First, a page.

As the Senate Judiciary Committee prepares for the June 28 nomination hearing of Elena Kagan to the U.S. Supreme Court, Ranking Member Jeff Sessions (R-AL) has been outspoken about what he considers to be the slow release of records from the Clinton Library to the committee. Ironically, Sen. Sessions has put a hold on the Presidential Records Act Amendments of 2009 (H.R. 35) that would help to avoid such delays in the future by ensuring the timely release of presidential records to the public.
The release of presidential records is governed by the Presidential Records Act (PRA) of 1978, as amended by Executive Order (E.O.) 12667, which establishes that the public records of our presidents are government property and therefore belong to the American people. Unfortunately, the PRA has been weakened over the years by presidents who wish to keep their records out of public reach.
In 2001, President Bush issued E.O. 13233 granting an incumbent or former president veto power over any public release of materials by the Archivist even after the expiration of the required 12-year withholding period. This executive order was in clear opposition to the intent of the 1978 law, and AALL immediately joined other open government groups in supporting legislative efforts to overturn it. We were pleased when, on his first full day in office, President Obama issued E.O. 13489 to revoke President Bush’s executive order and establish a stronger standard for public access.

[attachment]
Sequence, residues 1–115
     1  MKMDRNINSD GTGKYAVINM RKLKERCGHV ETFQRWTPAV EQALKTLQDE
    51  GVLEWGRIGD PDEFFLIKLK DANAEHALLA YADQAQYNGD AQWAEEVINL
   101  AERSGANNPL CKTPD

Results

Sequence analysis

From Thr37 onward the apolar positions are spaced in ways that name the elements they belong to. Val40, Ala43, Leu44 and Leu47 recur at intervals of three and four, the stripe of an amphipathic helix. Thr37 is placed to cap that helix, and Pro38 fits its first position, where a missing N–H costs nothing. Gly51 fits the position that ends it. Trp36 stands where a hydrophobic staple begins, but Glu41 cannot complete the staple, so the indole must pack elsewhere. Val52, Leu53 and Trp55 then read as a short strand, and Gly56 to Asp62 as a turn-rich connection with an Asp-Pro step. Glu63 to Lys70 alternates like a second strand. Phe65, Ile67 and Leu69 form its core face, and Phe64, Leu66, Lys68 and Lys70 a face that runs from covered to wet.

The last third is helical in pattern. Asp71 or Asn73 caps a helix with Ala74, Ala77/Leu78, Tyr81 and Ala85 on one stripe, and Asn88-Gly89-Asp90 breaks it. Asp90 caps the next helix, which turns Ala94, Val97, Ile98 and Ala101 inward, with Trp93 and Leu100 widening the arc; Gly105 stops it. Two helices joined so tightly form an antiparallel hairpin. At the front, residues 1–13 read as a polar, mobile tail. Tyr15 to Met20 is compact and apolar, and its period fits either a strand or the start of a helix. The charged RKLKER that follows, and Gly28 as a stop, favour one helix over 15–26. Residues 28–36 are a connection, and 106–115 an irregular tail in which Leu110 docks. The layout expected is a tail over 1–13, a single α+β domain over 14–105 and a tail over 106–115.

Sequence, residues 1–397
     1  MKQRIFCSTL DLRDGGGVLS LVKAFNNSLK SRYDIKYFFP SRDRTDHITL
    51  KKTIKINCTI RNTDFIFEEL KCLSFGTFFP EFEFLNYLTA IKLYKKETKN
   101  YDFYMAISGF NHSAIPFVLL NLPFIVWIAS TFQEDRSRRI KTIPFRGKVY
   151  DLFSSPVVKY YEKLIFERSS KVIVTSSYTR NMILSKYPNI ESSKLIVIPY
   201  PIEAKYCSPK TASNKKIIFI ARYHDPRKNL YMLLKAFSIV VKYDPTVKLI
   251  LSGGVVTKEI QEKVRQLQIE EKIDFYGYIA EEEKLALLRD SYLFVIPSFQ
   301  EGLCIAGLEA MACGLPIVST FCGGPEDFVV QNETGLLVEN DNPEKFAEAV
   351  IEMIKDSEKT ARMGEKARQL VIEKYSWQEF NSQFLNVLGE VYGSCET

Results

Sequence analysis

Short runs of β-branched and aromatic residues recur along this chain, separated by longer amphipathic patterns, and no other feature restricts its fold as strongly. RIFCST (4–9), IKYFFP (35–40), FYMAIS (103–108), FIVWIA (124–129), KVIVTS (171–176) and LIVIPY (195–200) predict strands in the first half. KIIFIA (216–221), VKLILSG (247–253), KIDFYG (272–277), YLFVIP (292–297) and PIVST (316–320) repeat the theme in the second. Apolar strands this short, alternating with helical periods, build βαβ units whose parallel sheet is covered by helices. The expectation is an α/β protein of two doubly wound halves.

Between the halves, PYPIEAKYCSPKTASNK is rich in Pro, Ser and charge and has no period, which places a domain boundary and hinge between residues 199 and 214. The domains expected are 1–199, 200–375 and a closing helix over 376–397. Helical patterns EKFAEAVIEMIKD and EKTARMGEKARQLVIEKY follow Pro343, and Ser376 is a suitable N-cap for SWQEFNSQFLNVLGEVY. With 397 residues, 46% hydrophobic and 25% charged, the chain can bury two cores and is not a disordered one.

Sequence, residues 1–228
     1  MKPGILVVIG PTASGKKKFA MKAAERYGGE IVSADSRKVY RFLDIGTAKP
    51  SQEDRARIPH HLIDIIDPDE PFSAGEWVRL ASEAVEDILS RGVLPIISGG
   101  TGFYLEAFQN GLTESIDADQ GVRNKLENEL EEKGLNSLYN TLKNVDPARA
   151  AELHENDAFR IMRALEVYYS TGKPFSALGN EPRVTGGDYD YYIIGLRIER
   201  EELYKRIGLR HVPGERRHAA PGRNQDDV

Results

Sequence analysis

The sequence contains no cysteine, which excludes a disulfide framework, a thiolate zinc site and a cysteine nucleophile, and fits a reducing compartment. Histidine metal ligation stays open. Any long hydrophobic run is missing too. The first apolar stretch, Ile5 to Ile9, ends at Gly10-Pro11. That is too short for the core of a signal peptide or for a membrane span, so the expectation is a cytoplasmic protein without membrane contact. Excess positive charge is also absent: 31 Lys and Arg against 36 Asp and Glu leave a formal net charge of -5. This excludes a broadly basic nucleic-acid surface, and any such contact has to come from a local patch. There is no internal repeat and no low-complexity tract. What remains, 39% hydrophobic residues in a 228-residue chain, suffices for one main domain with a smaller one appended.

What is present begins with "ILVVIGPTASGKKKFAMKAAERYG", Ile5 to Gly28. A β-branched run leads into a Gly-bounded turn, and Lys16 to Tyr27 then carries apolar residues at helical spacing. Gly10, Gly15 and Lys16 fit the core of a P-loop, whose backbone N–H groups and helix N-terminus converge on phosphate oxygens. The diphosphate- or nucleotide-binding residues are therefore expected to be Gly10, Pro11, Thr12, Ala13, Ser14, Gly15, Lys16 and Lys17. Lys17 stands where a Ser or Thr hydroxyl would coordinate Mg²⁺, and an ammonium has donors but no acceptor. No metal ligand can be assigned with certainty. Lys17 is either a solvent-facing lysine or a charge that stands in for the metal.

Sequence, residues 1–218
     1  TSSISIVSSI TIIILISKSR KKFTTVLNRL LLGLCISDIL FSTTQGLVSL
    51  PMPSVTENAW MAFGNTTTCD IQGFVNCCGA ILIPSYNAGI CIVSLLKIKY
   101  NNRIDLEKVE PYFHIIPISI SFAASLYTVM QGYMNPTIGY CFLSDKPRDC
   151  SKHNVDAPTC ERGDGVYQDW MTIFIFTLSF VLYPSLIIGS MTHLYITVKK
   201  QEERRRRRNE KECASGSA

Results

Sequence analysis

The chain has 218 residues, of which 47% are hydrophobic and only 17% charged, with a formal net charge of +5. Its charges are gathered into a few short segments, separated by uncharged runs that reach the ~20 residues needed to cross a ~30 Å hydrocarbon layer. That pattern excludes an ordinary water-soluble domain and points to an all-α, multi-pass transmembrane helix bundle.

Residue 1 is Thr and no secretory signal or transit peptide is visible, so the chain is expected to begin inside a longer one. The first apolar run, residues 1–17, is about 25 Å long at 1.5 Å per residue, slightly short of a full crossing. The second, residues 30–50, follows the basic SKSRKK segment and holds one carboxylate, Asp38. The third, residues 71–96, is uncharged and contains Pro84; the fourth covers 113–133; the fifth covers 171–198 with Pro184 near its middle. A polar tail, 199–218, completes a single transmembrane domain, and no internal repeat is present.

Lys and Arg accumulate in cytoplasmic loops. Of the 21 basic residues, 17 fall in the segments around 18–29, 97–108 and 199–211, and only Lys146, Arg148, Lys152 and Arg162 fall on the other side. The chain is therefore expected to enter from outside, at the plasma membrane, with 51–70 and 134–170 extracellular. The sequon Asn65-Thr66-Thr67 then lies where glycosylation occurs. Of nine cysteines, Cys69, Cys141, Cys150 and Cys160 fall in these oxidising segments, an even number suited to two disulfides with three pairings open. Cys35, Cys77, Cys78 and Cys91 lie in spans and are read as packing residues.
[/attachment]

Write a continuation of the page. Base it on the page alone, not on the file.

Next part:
AALL supports the Presidential Records Act Amendments of 2009 because it would ensure that the important openness provisions of President Obama’s executive order become law. The bill would establish reasonable standards for the release of presidential records and restore the balance between a president’s ability to withhold certain records for a limited time period and the public’s right to access them.
The House passed H.R. 35 on January 7, 2009 by an overwhelming vote of 359-58. The Senate Committee on Homeland Security and Governmental Affairs reported the bill favorably on April 1, 2009 with an amendment that extends the amount of time an incumbent and former president may review their records before release.
Kagan served as Associate Counsel to President Clinton from 1995 to 1996 and as Deputy Assistant to the President for Domestic Policy and Deputy Director of the Domestic Policy Council from 1997 to 1999. It’s unfortunate that Sen. Sessions doesn’t recognize that the important piece of legislation he is holding from a floor vote would address his concerns about the delays in getting access to Clinton-era presidential records. We urge him to immediately lift his hold.
To learn more about the history and status of public access to presidential records, please read our Issue Brief.
[Posted by Emily Feldman]